Pence: State to pay special-needs adoption subsidies

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Nearly 1,400 families who adopted special-needs children out of foster care are in line to receive state subsidies under an order Gov. Mike Pence gave a state agency Tuesday.

The Department of Child Services will fund the $10 million in subsidies out of unspent money that would have otherwise reverted back to the state’s main checking account.

The move comes just two months after a LaPorte woman filed a lawsuit, saying the state owed her subsidies. Initially, the agency said in a court response that it didn’t have the cash for the payments because the General Assembly didn’t appropriate it. But Pence sent a letter to DCS on Tuesday saying the state would fund the subsidies for the current fiscal year, which ends June 30, 2015.

“Although the State Adoption Subsidy is only a small piece of the assistance the state of Indiana offers to adoptive parents, it is my belief that funding the program this fiscal year is the right thing to do,” Pence said in a prepared statement.

Meanwhile, the legislative Adoption Study Committee will investigate the issue for future funding, the governor said. That group met Tuesday.

Already, the state pays more than $92 million in adoption subsidies for more than 11,000 children through a Federal Adoption Assistance Program and the County Adoption Subsidy. Children who are not eligible for those programs may receive other forms of adoption assistance such as Medicaid and a one-time, non-recurring adoption expense and had been placed on the State Adoption Subsidy waitlist.

The new state subsidies will apply to those on the waiting lists and those who adopt during fiscal year 2015.

State Sen. John Broden, D-South Bend, applauded the governor’s decision on Tuesday but called it long overdue. He said a “society is ultimately judged by how it treats its most vulnerable citizens.”

“I am hard pressed to imagine a more vulnerable class of people than abused and neglected children,” he said.

In 2012, Broden introduced Senate Bill 348 urging state government to provide subsidies to parents who adopt children with special needs. He followed that up with similar legislation in 2013. But the bills died.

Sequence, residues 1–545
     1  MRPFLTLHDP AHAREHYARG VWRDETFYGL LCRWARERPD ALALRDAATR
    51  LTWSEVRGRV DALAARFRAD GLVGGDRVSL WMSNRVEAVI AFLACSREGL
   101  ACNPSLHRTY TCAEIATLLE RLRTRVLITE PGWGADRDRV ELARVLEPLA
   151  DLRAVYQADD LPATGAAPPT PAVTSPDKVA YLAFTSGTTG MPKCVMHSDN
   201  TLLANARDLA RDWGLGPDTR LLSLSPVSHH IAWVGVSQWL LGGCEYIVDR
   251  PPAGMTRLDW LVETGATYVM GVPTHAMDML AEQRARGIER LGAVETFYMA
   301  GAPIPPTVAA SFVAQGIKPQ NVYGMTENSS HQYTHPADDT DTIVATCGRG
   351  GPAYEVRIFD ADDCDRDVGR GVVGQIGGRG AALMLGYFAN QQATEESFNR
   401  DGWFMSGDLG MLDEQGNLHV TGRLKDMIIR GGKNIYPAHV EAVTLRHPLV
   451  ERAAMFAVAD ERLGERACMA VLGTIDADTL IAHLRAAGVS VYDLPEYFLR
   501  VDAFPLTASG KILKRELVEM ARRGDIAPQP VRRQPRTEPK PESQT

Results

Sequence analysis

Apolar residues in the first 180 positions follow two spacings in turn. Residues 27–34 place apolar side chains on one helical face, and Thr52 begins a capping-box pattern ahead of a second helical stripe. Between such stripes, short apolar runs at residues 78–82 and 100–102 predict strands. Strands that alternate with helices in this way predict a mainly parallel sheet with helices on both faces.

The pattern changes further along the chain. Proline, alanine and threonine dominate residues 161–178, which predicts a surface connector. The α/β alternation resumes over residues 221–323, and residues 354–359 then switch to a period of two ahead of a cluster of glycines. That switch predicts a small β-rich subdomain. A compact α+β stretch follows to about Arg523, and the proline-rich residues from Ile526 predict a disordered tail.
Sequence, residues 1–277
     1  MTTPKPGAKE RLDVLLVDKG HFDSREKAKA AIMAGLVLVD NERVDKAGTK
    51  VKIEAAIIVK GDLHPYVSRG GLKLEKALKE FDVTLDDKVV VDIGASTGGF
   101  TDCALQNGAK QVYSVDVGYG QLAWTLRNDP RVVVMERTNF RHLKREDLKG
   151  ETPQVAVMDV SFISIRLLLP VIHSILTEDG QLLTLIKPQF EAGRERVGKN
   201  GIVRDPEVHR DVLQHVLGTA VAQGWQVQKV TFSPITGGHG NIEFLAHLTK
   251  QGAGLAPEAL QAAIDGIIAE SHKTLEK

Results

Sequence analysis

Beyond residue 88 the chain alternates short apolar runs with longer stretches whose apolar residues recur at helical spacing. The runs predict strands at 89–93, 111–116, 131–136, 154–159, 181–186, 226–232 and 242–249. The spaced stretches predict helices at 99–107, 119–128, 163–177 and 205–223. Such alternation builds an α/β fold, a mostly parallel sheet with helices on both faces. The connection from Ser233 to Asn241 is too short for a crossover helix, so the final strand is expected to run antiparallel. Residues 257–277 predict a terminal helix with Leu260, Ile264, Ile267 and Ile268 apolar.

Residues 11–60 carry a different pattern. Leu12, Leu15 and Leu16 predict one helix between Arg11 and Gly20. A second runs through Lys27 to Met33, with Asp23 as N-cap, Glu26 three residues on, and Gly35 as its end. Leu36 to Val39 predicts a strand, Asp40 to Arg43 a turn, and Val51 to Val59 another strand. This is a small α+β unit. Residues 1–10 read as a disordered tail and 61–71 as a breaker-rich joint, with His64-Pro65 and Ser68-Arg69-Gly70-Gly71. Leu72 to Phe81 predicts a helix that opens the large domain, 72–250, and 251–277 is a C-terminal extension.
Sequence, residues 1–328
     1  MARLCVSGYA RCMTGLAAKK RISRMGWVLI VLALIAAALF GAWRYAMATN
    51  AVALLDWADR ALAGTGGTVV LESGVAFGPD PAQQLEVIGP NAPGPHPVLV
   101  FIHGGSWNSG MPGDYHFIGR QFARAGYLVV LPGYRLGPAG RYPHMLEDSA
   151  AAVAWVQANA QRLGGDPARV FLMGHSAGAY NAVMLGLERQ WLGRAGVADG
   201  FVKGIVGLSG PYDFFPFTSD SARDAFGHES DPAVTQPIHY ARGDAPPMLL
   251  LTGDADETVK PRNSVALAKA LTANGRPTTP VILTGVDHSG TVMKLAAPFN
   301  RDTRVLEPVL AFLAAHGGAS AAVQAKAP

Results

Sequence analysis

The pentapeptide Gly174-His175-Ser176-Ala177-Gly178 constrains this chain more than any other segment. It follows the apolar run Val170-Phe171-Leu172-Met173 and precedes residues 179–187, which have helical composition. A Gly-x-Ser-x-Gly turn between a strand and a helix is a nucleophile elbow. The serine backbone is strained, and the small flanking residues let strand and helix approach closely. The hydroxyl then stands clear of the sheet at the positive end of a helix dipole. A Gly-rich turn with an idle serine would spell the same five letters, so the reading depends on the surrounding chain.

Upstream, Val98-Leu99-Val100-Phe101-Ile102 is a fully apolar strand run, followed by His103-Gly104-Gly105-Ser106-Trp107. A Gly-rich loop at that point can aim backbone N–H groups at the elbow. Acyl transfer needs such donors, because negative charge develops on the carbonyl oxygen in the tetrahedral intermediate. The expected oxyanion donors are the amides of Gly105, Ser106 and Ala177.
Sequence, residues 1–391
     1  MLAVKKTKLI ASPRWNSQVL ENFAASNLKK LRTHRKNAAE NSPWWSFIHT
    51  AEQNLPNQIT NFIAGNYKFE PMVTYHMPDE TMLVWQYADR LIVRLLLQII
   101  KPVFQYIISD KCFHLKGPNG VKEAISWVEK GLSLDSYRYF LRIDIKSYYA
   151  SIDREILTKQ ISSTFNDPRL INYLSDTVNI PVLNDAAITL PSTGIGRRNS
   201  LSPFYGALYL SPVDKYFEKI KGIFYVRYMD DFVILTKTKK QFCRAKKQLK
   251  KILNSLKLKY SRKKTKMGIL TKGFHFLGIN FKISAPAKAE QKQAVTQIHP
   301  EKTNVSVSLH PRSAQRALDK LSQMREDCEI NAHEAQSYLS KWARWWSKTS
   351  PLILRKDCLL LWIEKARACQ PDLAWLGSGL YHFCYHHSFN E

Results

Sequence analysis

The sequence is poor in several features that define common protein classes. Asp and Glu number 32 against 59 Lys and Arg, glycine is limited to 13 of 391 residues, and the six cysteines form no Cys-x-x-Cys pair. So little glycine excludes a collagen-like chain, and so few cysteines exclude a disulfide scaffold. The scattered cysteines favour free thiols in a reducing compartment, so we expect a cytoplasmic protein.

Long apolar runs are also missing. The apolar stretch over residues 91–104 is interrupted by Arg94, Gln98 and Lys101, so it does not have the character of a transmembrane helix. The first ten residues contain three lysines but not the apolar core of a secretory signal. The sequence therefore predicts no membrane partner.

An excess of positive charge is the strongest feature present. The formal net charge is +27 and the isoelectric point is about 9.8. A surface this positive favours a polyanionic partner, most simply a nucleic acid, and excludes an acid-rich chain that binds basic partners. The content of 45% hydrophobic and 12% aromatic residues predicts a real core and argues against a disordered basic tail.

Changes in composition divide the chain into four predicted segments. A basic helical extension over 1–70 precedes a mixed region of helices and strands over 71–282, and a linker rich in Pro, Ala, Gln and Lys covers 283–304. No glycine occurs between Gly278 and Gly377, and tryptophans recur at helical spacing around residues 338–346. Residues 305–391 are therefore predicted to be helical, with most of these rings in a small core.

“As a state, we have an obligation to support these families who have stepped forward to adopt children who, through no fault of their own, have endured great pain and separation in their life,” Broden said in a statement.


  • Traditional Medicaid Delays for Special Needs Kids
    IS it true that the Indiana State Legislature voted to move Adopted Special Needs kids from MD Med Wise over to Traditional Medicaid to save money? Since my adopted on, who has CP, was moved from MD Wise - traditional has been delaying and coming up with every excuse in the book to deny him the services he was guaranteed. I have written Rep Randy Frye - he sent my email to others in the State insurance system only to have it bounced around to people that have no idea how to handle it or are not in power to handle it. Anyone have any success at moving these elected leaders to d the right thing?
  • Where?
    I am for the funding, however, I want to know where the 10 million was stashed, and how dare he make an executive decision of the magnitude without the ok from the other branch of the government. Quit crying about Obama, when you take the same actions. Also, I just read an article in the Star that said the house is buying chairs for themselves @ a cost of 750.per. Are you kidding me, which house member sold the chairs, or was is his or her brother or father that made the profit. Physical responsibility is Indiana's new motto.

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